Mouse Alternatives: Overview & Usage Tips

Revised 2024.02.29

In an attempt to address mouse-related discomfort, it is very common to blame the mouse and begin a search for an alternative pointing device. Unfortunately, any device can cause discomfort if not used properly and a lot of trial and error may be required to find the right solution.

Before you begin the quest for a mouse alternative, it is well worth the effort to be sure that you are using your current mouse correctly. There are some tips on common sources of mouse related discomfort at the links below. Many of these tips also apply to the mouse alternatives that will be discussed later.
If you do decide to try an alternative to your current mouse, there are lots of options. I group them into 3 major categories: those that require gripping, those that require NO gripping and handsfree.

A. Handsfree pointing devices

Technology has spurred great progress in this segment. Initial offerings consisted of mice operated with your foot or a mouth operated joystick. Now the pointer can be controlled by voice or by tracking eye or head movements. Some of these may be a bit awkward to use in a typical office setting and there is a risk of moving strain from one body part to another.

B. Pointing devices that require gripping

The traditional computer mouse needs to be moved while being gripped which can be a source of strain. Mice now come in a variety of shapes and sizes to alter the way the mouse is gripped. One of the major goals of these design changes is to move the hand away from the anatomically problematic “palm down position” towards the “handshake position”. As with most things, there are pros and cons to the various options.

C. Pointing devices that require NO gripping

Because gripping the mouse has been a problem for many of my clients, I have the most experience with this group of pointing devices. For now, I will restrict the discussion to these. Three that I have worked with are the RollerMouse, Touchpads and Trackballs.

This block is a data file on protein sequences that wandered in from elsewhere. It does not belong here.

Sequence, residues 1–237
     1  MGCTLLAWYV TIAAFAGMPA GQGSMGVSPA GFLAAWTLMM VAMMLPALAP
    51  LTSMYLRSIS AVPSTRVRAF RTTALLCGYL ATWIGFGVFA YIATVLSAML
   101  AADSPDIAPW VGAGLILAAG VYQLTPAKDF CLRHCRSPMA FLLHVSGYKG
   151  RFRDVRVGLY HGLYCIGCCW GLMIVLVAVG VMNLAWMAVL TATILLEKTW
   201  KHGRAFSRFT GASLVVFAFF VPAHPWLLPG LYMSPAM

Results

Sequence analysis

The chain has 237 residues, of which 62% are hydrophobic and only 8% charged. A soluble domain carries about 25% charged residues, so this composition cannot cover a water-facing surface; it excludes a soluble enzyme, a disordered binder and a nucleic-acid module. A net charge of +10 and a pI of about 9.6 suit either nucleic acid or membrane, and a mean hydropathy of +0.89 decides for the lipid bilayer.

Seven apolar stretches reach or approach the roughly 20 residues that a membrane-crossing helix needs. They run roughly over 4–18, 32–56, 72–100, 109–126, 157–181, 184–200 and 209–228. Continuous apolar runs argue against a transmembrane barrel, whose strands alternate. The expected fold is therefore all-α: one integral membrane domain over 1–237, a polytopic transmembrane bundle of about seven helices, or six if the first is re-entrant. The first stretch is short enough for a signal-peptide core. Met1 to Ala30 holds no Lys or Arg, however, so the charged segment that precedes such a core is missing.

C.1. General advice

Before I get into specific advice about each of these, there is some advice that applies to all 3.

C.1.1. Install the device’s software

This will allow you to optimize the device’s settings. For example, you can assign new commands to the device’s buttons or activate draglock (more on this below).
If you don’t have the device’s own software installed, you will be able to adjust some settings (e.g. pointer speed) using standard mouse software.

C.1.2. Give draglock a try (also known as “clicklock”)

Dragging is the most awkward movement for any pointing device since you must move the pointer and keep a button pressed simultaneously. With draglock, you don’t have to keep a button manually pressed while you move the pointer. You can also activate “draglock” with the keyboard using Windows’ MouseKeys or other 3rd party software.

C.2. RollerMouse

One of the great things about the RollerMouse is also a negative for some people. It is positioned in front of the keyboard which addresses another major problem of the traditional mouse (i.e. the sideways reach to a mouse placed beside the keyboard is eliminated). Unfortunately, this requires the keyboard to be pushed back a little farther than is comfortable for some people.